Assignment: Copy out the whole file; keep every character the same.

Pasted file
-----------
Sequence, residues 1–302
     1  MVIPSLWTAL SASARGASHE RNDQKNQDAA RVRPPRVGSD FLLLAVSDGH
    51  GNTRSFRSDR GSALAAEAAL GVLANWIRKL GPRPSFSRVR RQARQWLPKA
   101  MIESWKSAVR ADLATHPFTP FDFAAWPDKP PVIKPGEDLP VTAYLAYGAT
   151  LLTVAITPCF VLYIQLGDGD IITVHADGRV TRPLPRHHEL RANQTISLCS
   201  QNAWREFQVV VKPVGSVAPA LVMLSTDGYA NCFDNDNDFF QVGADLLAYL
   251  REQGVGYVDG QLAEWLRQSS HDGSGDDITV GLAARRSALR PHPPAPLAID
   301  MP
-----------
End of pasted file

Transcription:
Sequence, residues 1–302
     1  MVIPSLWTAL SASARGASHE RNDQKNQDAA RVRPPRVGSD FLLLAVSDGH
    51  GNTRSFRSDR GSALAAEAAL GVLANWIRKL GPRPSFSRVR RQARQWLPKA
   101  MIESWKSAVR ADLATHPFTP FDFAAWPDKP PVIKPGEDLP VTAYLAYGAT
   151  LLTVAITPCF VLYIQLGDGD IITVHADGRV TRPLPRHHEL RANQTISLCS
   201  QNAWREFQVV VKPVGSVAPA LVMLSTDGYA NCFDNDNDFF QVGADLLAYL
   251  REQGVGYVDG QLAEWLRQSS HDGSGDDITV GLAARRSALR PHPPAPLAID
   301  MP